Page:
Written by Sunil Kumar Pariyar and Noel Keenlyside, this post offers a closer look at central drivers of weather and climate patterns and their ties to extreme weather events in the Pacific Islands region.
On April 13, 2015, tropical cyclone PAM hit Vanuatu (a Pacific Island country) with a devastating speed of 250km/hour. This category five cyclone caused significant damage across five provinces of Vanuatu and affected approximately 188,000 people; of which 11 people lost their lives, and around 65,000 became homeless. Remarkably, as shown by the satellite image (Figure 1), PAM was connected to three other major tropical cyclones around Australia and the northwestern Pacific. Climate scientists have never observed such an occurrence of four tropical cyclones together within one week and later found that this unique incidence was associated with a tropical phenomenon called the Madden-Jullian Oscillation (MJO). It is well known to the scientific community that the MJO can influence the number and intensity of the tropical cyclones, but this particular case of four tropical cyclones was a rare event and hence left a message of how vital the MJO is for this region.
To understand the MJO and its impacts, we must turn to rainfall. The rainfall over the tropics is quite variable in both space and time. A unique feature of this region is the organization of the rainfall to very large scales. In the annual mean, there are two major rain bands: one that extends across the equatorial North Pacific and another that occupies the South Pacific. These rain bands make the western Pacific habitable. However, these rain bands do change their location and strength in different seasons and years. The El Niño phenomenon is the most well-known factor affecting them, and during El Niño, these rain bands shift eastward and can cause drought condition lasting several months. This tends to occur every few years.
In the South Pacific, there are also episodic wet and dry weather conditions in the sub-seasonal period that last for one to two weeks and occur roughly every 30 to 80 days. The MJO is the main factor causing these sub-seasonal variations in rainfall. This phenomenon was discovered in the early 1970s by Roland Madden and Paul Julian, hence its name. The MJO is a moving rainfall system that usually develops over the Indian Ocean and gradually moves to the eastern Pacific through the Maritime Continent and western Pacific. As it moves east, it brings strong winds, heavy clouds, and thunderstorm with heavy rainfall.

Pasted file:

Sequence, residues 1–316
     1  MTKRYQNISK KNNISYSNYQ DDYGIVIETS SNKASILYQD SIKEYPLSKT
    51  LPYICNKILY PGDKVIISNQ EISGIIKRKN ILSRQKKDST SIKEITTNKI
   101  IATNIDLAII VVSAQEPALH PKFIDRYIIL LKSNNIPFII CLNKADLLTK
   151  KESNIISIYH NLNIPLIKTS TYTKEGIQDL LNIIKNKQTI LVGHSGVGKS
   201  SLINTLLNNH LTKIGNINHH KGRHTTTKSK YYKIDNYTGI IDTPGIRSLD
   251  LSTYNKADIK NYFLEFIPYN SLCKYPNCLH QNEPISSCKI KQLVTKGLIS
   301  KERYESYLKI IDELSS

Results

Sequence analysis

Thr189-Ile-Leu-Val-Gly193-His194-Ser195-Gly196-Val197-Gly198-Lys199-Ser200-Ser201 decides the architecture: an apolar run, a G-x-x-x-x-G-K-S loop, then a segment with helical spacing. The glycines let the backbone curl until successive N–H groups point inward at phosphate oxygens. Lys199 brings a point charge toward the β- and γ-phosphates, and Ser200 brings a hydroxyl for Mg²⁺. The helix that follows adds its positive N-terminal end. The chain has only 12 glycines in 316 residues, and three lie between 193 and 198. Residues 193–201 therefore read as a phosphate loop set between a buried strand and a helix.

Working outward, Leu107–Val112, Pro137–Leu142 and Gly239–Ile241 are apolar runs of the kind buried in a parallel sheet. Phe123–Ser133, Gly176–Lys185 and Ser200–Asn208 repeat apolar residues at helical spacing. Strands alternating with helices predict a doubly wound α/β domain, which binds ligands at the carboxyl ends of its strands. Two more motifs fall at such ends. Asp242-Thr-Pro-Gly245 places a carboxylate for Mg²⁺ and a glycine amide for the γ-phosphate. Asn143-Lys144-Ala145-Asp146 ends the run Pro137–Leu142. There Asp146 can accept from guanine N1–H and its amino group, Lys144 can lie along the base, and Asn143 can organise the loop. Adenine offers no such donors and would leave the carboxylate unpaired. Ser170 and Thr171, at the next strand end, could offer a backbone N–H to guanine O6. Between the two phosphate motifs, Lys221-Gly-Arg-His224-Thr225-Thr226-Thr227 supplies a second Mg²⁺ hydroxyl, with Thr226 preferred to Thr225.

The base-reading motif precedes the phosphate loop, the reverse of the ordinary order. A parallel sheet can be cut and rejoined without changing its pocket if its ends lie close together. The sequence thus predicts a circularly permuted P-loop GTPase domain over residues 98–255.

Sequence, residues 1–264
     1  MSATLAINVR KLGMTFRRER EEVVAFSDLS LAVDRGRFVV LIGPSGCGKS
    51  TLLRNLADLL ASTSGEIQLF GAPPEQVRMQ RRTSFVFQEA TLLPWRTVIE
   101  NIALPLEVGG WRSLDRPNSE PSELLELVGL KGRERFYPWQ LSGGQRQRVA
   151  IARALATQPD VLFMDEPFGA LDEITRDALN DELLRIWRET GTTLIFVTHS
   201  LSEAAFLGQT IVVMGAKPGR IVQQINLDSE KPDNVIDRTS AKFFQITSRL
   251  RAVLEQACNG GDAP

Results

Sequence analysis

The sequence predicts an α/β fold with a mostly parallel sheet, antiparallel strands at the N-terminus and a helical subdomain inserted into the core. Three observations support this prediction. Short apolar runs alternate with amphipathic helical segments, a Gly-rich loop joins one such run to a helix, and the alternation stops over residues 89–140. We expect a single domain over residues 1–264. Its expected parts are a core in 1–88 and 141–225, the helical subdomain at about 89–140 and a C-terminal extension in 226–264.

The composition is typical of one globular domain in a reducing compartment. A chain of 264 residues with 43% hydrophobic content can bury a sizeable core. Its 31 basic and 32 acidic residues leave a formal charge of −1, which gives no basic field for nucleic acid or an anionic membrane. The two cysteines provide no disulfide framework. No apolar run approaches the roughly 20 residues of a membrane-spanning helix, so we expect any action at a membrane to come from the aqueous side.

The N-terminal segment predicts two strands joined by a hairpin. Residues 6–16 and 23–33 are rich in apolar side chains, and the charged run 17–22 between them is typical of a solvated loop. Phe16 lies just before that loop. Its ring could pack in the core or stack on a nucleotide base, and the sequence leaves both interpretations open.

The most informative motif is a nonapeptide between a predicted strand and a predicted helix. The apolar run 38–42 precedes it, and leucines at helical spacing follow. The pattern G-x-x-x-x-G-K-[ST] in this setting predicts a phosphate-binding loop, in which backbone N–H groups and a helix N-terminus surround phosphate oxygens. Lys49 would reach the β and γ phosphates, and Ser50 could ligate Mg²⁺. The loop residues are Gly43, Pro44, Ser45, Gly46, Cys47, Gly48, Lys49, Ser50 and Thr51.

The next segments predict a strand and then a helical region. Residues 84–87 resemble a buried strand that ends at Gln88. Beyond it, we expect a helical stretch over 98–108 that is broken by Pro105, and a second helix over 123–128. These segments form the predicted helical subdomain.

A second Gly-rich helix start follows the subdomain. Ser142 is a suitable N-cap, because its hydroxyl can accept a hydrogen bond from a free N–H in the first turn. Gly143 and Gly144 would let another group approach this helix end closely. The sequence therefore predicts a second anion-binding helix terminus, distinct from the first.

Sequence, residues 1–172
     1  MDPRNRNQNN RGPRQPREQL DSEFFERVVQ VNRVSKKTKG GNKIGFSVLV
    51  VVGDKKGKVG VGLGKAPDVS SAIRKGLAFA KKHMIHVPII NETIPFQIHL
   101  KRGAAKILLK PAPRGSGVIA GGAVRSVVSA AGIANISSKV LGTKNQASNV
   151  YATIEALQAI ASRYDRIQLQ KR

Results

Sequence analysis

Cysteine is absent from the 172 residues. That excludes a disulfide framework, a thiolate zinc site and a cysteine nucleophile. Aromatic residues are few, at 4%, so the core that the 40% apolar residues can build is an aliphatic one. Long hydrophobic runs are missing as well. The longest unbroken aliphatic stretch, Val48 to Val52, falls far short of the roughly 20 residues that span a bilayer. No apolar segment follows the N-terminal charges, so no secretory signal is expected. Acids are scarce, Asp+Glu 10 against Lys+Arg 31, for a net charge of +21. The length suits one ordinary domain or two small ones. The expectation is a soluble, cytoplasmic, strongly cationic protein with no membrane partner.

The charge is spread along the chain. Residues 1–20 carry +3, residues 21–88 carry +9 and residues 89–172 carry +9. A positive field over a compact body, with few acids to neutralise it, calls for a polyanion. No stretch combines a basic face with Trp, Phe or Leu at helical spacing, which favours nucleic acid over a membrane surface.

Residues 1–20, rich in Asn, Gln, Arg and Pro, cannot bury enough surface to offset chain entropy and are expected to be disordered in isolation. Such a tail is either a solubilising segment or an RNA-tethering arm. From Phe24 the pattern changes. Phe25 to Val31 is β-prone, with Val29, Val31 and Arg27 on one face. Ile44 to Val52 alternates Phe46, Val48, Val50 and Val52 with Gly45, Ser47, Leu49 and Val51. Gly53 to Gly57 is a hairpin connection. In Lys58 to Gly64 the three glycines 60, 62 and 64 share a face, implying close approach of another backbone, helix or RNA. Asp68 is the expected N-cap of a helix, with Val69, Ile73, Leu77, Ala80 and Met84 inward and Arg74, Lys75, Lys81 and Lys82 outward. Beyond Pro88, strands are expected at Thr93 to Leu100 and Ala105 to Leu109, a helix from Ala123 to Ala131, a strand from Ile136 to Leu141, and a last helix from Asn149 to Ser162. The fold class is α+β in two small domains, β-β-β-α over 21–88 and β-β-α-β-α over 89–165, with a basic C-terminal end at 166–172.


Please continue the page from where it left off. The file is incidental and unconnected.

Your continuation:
Fair, dry, and relatively warm weather are usual before these windy and rainy episodes. This cycle of calm and then stormy weather occurs roughly every 30 to 80 days. In meteorology, the cloudy and rainy events are termed as an active stage, whereas the calm and dry episodes are known as the suppressed stage of the MJO. The wet and dry episodes of MJO are well known for their impact on the timing and strength of Indian, East Asian, and Australian Monsoons. Similarly, the tropical cyclone activity is also significantly affected by the MJO over the northwestern Pacific and South Pacific.
Climate scientists consider MJO as one of the primary factors causing sub-seasonal rainfall variations over the western Pacific. Therefore, it is vital for the weather and climate of the Pacific island countries. In particular, extremely dry and wet conditions associated with the MJO can have severe impacts on the Pacific island communities with limited water management infrastructures. Therefore, accurate prediction of the rainfall can be very useful in this region.